Viewing entries in

The BDEM researchers at the European Climate Change Adaptation conference

Dr. Minsung Hong presenting the BDEM research

Dr. Minsung Hong presenting the BDEM research

Dr. Minsung Hong and Professor Rajendra Akerkar (Western Norway Research Institute) participated in the 4th European Climate Change Adaptation conference at Lisbon from 28-31 May 2019. The biennial European Climate Change Adaptation conference is convened by international and European projects on behalf of the European Commission.

Dr. Hong presented ongoing research, in the Big Data Research Group, entitled "Improving Resilience to Extreme Events" at the conference. The research addresses the gap in knowledge that impedes a scalable and versatile emergency data integration and proposes the state-of-the-art technology in the field to a new level through enhanced techniques that bring together machine learning, big data analytics and semantic technologies. This work elaborates our experience in enhancing situational awareness in order to support decision making during extreme climate events by capitalizing on the integration and aggregated analysis of mobility, meteorological, historical, forecasting data, as well as of a multitude of pertinent multimedia data inputs.

Interaction and collaboration with the disaster risk reduction (DRR) community is a critical element in improving climate change adaptation (CCA), as the communities share similar goals and activities. This is important in relation to the goals and targets of three major international agreements: Sendai Framework for DRR and the UN Sustainable Development Goals.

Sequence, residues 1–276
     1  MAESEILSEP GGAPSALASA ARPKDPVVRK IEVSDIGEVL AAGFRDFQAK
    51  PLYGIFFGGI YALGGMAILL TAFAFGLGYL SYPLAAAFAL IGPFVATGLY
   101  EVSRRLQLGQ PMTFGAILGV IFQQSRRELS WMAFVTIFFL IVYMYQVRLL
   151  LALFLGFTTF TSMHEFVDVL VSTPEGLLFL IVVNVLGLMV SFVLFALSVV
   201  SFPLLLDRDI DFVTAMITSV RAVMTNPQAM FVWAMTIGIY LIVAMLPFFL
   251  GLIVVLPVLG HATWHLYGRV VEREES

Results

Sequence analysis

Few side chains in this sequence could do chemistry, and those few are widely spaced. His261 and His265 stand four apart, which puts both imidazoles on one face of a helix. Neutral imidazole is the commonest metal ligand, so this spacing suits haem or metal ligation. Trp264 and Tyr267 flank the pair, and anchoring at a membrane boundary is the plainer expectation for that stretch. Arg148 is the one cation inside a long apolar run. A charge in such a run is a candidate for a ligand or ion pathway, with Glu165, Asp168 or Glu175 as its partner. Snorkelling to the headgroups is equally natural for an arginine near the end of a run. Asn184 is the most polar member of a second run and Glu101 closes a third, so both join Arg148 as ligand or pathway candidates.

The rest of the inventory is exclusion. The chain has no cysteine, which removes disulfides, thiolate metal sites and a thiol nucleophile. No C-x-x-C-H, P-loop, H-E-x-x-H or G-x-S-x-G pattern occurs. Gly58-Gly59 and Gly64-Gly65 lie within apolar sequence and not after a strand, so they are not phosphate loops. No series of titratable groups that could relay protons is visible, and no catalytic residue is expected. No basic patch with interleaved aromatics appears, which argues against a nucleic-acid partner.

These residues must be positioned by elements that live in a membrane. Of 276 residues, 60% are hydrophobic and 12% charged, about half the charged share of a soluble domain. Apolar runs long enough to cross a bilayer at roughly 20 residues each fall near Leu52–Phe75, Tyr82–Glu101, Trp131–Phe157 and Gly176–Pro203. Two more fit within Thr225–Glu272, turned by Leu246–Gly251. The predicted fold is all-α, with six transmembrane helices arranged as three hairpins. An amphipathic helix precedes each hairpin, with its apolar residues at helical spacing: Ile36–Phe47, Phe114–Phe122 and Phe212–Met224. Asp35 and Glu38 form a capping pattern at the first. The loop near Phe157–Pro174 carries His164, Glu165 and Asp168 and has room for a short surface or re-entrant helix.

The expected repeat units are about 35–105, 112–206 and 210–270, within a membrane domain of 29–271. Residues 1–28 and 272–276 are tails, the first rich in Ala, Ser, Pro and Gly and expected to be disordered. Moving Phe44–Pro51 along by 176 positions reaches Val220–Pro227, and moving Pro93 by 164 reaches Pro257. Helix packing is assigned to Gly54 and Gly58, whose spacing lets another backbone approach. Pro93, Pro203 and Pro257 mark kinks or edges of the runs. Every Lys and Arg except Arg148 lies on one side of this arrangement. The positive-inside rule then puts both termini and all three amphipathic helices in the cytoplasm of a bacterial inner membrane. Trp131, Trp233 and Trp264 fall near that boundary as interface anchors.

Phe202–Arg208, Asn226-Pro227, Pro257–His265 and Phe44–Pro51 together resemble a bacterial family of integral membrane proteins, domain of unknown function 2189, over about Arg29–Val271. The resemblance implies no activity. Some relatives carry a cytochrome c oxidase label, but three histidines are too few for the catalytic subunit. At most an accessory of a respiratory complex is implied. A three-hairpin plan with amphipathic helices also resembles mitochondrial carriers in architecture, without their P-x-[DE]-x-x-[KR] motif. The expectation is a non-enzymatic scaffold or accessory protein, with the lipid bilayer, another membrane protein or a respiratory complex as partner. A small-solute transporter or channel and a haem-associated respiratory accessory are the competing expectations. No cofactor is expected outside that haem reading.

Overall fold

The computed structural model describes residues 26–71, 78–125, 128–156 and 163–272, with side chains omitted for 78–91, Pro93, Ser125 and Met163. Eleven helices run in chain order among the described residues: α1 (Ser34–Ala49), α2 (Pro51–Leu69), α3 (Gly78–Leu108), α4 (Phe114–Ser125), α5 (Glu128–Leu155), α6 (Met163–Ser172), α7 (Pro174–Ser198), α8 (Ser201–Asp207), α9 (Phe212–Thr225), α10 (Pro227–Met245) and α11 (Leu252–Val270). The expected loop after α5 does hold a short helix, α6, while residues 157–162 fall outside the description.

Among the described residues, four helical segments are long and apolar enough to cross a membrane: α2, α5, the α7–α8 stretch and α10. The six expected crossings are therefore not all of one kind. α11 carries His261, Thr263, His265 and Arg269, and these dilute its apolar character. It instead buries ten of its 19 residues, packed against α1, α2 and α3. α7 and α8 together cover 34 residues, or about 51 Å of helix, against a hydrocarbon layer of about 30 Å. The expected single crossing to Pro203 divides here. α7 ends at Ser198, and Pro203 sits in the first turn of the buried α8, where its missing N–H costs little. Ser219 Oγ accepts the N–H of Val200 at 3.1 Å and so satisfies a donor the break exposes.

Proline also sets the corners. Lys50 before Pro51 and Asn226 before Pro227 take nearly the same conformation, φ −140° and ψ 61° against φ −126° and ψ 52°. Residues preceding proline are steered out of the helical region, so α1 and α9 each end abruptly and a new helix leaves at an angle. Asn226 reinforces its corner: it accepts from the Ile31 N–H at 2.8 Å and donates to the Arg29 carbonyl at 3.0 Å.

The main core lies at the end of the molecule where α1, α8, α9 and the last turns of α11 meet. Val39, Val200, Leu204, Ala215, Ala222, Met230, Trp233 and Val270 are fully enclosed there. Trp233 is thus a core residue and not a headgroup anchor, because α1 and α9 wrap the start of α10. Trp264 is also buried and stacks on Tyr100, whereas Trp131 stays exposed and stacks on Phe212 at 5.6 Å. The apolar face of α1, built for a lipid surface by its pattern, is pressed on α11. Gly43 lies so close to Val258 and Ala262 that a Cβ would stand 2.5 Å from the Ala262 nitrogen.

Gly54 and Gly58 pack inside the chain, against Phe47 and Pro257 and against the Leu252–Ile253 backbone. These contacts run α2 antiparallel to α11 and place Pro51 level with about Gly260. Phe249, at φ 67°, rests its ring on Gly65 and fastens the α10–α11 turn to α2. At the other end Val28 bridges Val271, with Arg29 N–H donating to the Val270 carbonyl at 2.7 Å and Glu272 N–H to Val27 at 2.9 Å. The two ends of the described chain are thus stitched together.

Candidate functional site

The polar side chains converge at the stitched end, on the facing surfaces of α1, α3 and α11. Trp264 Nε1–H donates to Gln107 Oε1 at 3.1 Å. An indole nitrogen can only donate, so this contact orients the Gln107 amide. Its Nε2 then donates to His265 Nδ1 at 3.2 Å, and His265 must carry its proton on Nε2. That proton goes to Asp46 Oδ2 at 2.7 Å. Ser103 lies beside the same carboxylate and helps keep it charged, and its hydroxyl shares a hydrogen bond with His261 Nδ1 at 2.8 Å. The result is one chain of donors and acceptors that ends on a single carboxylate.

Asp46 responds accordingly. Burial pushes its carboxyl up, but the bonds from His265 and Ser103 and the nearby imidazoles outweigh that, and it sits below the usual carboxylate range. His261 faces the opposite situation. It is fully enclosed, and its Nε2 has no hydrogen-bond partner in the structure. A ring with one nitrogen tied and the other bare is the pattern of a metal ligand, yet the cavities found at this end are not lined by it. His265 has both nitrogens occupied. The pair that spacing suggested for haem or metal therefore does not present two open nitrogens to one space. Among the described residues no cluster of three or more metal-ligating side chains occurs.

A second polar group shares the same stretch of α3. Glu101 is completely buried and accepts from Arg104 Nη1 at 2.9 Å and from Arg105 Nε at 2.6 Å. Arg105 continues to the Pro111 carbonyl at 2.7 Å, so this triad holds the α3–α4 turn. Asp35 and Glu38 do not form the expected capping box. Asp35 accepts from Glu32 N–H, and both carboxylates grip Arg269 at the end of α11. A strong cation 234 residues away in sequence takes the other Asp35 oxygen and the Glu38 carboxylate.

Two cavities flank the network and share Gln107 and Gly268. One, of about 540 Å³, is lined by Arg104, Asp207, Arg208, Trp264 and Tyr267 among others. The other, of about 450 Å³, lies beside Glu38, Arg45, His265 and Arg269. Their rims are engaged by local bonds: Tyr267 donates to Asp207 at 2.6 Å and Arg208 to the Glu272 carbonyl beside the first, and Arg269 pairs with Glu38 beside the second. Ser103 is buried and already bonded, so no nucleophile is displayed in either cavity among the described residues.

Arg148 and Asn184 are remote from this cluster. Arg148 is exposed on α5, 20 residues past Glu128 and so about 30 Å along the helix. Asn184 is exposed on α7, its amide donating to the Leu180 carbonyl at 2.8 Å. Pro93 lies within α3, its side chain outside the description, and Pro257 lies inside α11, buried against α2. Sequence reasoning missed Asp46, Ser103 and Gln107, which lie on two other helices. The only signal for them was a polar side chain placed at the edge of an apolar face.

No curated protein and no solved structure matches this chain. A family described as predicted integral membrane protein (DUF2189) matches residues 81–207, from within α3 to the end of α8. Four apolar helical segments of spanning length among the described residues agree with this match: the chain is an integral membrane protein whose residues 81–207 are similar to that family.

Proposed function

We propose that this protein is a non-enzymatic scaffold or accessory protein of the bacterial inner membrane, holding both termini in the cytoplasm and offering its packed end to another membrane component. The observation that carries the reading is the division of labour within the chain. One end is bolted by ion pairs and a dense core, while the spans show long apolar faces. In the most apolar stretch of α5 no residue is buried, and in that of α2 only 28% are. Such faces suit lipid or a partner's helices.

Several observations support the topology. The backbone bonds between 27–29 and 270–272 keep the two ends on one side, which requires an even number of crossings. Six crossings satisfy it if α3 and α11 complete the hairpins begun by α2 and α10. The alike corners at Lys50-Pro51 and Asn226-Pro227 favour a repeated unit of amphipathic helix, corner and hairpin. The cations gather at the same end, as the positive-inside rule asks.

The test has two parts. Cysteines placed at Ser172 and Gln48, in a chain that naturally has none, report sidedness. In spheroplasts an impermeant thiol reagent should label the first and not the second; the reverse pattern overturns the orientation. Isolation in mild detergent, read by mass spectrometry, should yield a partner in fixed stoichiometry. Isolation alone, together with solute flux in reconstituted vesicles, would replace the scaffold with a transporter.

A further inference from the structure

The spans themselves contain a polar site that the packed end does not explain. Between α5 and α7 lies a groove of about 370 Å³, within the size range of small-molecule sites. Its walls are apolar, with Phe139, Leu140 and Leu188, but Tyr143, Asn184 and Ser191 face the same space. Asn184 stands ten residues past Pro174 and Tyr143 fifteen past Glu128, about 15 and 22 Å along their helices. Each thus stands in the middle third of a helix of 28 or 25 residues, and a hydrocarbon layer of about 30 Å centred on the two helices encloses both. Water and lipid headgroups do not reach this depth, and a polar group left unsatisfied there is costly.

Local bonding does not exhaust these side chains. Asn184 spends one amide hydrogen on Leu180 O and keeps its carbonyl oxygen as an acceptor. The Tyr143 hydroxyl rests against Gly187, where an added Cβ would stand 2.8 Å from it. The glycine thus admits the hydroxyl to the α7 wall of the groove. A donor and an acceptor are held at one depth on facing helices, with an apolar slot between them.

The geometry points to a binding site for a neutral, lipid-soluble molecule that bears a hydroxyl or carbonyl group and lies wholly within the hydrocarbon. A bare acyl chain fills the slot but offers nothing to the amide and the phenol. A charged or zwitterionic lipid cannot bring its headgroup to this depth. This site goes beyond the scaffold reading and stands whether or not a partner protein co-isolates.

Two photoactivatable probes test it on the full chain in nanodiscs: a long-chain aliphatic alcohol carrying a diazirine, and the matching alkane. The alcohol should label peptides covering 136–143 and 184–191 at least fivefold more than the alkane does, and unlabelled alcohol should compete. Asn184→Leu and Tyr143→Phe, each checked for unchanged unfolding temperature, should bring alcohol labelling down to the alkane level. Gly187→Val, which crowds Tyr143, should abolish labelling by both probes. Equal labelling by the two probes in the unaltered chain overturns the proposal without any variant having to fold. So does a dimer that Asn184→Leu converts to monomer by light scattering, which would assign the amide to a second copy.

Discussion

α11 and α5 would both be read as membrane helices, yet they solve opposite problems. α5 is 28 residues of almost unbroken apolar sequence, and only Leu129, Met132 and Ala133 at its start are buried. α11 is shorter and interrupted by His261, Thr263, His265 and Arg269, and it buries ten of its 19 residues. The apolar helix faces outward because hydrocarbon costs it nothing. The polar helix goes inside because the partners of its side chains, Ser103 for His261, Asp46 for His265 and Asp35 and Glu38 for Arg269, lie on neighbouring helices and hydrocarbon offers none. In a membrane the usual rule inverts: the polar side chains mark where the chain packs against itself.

Just out a new research article by the BDEM researcher team

A new research paper entitled “A Framework to Integrate Social Media and Authoritative Data for Disaster Relief Detection and Distribution Optimization“ has been published in the International Journal of Disaster Risk Reduction. In this paper, the BDEM researchers propose an interdisciplinary approach to (natural) disaster relief management. Our framework combines dynamic and static databases, which consist of social media and authoritative data of an afflicted region, respectively, to model rescue demand during a disaster situation. Using Global Particle Swarm Optimization and Mixed-Integer Linear Programming, we then determine the optimal amount and locations of temporal rescue centers. Furthermore, our disaster relief system identifies an efficient distribution of supplies between hospitals and rescue centers and rescue demand points. By leveraging the temporal dimension of the social media data, our framework manages to iteratively optimize the disaster relief distribution.

It is a joint work of Timothy Schempp (CICS, San Diego State University), Haoran Zhang (The University of Tokyo), Alexander Schmidt (Uni Hohenheim), Minsung Hong and Rajendra Akerkar (Vestlandsforsking).

Full article can be found at the journal website.

Geography colloquium series at SDSU

On 8th February, the BDEM coordinator Professor Rajendra Akerkar delivered a colloquium at the Department of Geography, San Diego State University, USA. The topic of this colloquium was “Managing Emergency Situations Using Big Data – A Perspective”. With the advent of Internet of things, social media, wearable devices, mobile phones, and planetary-scale sensing there is an ample opportunity to transform big geo-spatial data into actionable information. The talk focused on emergency management which is fundamentally a spatio-temporally distributed heterogeneous data assimilation problem for situation detection. Professor Akerkar illustrated examples from related projects in his research group and presented key challenges for managing big emergency data.